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A helpful guide to high hedge disputes

By Barry McCaul, Partner at McGale Kelly & Co., Solicitors

We love a good Leylandii hedge in Northern Ireland. The product of the 80’s and the 90’s to create a quick and cheap way of creating a boundary between properties.

However, with every upside there is a downside and a Leylandii left to its own devices can cause all sorts of conflict between neighbours.
It’s perhaps unfair to lay all the blame on the Leylandii, but unruly, evergreen or semi-evergreen hedges can cause all sorts of strife between property owners. You know that is true when a piece of legislation is enacted to provide some order, namely the High Hedges Act (Northern Ireland) 2011.

This legislation provides a legal basis for taking action over a problem high hedge. It has been designed to help people whose enjoyment of their domestic/ residential property is adversely affected by a high hedges located on another persons property.

Your enjoyment of your property will only be considered to have been adversely affected if the high hedge has affected the flow of daylight or sunlight into your property.

If the hedge is limiting the view from your property or satellite signals the legislation does not apply.

What is a High Hedge?

A high hedge is defined in the Act as so much of a barrier to light as is formed wholly or predominantly by a line of two or more evergreen or semi-evergreen trees or shrubs and rises to a height of more than two metres above ground level.

The Act introduces a formal complaints system that will be operated by local councils, but it should only be used as a last resort as neighbours are encouraged to resolve the problem themselves.
The legislation does not mean that all hedges above two metres in height will need to be cut down.

A complaint cannot be made about single trees or single shrubs, whatever their size. Nor will people need council permission to grow or retain a hedge along the boundary of their property.

Disputes about High Hedges

The Act provides a formal complaint system which is handled by your local District or Borough Council. However, before you trigger the formal complaints process the legislation expects you to take reasonable steps to try and resolve the problem with your neighbour directly (amicably).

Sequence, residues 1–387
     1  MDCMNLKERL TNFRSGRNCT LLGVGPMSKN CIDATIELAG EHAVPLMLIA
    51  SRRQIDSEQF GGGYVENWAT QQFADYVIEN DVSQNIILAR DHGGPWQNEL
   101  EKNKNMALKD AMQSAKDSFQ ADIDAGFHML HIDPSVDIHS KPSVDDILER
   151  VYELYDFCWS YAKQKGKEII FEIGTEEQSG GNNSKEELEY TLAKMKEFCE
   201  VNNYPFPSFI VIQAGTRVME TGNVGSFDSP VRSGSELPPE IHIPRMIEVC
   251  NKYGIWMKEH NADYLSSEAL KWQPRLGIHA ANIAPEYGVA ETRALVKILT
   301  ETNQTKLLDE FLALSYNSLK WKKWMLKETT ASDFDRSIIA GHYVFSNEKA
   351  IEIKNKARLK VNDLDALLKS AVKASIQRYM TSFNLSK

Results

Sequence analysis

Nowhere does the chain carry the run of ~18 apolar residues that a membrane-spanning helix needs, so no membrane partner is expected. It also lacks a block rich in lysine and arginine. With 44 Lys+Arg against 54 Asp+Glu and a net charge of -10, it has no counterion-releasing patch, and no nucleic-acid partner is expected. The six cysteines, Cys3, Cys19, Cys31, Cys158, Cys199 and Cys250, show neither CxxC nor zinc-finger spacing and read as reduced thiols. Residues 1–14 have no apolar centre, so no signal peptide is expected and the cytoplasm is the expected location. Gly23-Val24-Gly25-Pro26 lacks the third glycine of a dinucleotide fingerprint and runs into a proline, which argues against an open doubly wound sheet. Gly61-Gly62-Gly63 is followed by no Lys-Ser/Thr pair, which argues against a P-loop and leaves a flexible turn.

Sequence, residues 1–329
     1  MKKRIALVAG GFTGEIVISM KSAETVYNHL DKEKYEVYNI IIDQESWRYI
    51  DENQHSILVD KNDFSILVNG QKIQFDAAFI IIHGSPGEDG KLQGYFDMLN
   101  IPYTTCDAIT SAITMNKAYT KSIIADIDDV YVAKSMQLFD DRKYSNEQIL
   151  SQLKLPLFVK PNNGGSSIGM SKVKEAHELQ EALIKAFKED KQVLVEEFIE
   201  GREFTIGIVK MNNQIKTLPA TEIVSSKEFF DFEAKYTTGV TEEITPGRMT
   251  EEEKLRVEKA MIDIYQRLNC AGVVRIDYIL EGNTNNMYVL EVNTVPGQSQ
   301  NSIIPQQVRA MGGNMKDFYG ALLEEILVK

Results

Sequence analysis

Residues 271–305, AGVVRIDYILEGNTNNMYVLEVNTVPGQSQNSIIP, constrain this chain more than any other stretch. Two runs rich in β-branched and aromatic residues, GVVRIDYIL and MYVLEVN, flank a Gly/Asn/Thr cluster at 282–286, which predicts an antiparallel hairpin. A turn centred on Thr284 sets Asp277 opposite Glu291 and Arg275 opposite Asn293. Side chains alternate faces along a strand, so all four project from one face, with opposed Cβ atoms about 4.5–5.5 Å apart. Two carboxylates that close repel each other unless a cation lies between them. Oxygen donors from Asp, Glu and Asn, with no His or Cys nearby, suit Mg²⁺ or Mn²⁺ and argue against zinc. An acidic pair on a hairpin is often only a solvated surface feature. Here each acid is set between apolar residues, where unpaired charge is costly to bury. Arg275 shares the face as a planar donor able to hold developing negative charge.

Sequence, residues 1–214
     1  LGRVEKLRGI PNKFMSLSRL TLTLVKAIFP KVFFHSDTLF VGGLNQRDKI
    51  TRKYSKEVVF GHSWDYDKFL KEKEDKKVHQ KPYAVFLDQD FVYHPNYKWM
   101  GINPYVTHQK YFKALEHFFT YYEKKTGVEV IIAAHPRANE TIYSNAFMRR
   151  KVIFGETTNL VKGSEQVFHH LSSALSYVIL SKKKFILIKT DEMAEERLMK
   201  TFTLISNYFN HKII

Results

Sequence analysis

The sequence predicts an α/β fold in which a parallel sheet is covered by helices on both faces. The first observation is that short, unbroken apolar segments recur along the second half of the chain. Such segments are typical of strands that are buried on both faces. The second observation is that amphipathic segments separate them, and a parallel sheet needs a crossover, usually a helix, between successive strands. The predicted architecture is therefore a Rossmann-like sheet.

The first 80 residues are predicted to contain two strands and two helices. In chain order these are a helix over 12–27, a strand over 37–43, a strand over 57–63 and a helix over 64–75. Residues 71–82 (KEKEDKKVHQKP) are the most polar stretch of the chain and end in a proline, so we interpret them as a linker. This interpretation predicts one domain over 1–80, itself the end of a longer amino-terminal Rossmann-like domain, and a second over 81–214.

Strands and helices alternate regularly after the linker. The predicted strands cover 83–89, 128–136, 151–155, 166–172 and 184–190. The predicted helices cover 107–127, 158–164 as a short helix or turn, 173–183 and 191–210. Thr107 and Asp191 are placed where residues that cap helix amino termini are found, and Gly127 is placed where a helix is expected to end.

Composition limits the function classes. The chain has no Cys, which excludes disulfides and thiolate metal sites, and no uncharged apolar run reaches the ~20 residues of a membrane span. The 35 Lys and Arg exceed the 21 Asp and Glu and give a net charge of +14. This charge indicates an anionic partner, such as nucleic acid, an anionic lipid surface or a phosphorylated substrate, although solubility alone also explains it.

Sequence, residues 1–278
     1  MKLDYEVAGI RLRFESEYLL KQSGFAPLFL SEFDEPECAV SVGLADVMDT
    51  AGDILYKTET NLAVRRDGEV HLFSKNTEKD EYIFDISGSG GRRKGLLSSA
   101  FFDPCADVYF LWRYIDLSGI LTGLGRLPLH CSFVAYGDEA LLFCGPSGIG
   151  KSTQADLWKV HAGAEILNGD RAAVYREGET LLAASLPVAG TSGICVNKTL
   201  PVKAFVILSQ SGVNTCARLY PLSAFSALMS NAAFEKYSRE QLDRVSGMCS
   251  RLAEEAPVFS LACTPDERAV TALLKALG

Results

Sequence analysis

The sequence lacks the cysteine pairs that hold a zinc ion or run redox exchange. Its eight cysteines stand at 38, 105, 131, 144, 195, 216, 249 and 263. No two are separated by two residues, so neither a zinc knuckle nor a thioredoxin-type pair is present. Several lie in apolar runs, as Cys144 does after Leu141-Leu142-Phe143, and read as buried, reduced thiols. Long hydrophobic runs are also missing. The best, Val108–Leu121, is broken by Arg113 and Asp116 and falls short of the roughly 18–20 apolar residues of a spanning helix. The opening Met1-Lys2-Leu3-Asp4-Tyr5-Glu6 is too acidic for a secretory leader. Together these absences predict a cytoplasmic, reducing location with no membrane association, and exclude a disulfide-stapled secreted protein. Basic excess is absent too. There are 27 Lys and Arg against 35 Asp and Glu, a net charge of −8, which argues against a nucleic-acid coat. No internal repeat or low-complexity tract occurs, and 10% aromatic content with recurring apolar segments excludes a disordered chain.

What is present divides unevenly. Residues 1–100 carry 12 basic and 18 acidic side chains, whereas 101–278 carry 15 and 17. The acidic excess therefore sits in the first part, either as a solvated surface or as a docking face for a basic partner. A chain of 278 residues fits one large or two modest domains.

The property owners should ask themselves the following questions:

  1. Does the hedge block light to the main rooms in the neighbour’s home?
  2. Does it deprive the neighbour of winter sunshine?
  3. Does the neighbour have to have their lights on for longer?
  4. Is the neighbour’s garden in shade for much of the day because of the hedge?

If the answer is yes to any of the above questions then it would be sensible to reduce the height of hedge.

What do you do if the common sense approach does not work?

As stated above, the Act has created a formal complaints process. The affected neighbour must fill in a Complaint Form, submit it to the Council and pay a fee of £350 (can vary between Council’s). You should supply a location plan/map of the property and photographs. You must also set out the steps you have taken to resolve the matter prior to making the complaint, e.g. a timeline with dates of meetings and copies of letters/emails passing between the parties involved.

It must be shown that the complaint is not being made in bad faith and that all reasonable efforts have been made to resolve the issue.

The Council will look at the type of points set out at 1-4 above and if they are satisfied that the complaining party’s house is adversely affected (flow of daylight/sunlight restricted) then they will uphold the complaint and issue a Remedial Notice. If not satisfied, the Council can reject the complaint.

A Remedial Notice

A Remedial Notice will set out what steps must be taken by the owner of the property on which the problem high hedge is located. It will also set a time-limit within which the remedial work must be carried out.

The property owner against whom the Remedial Notice has been made has a right to appeal against the decision. The Council will provide the details of how to do this when issuing the Notice.

What happens if the Remedial Notice is not complied with?

If the Remedial Notice is not complied with the property owner against whom it was made will have committed an offence and will be summonsed to the Magistrates’ Court. If convicted, they will be ordered to pay a fine. If the person fails to carry out the works ordered after conviction then they will be subject to further convictions and fines.

In short, if you have an issue with a neighbour’s hedge try to resolve it amicably. If this can’t be done, despite your best efforts, contact your local Council and discuss the complaint process and/or consult your solicitor.

This article should not be deemed to be an exhaustive summary of the provisions of High Hedge Act (Northern Ireland) 2011. Other legal remedies may be available to a property owner who considers their use or enjoyment of their property to be adversely affected.


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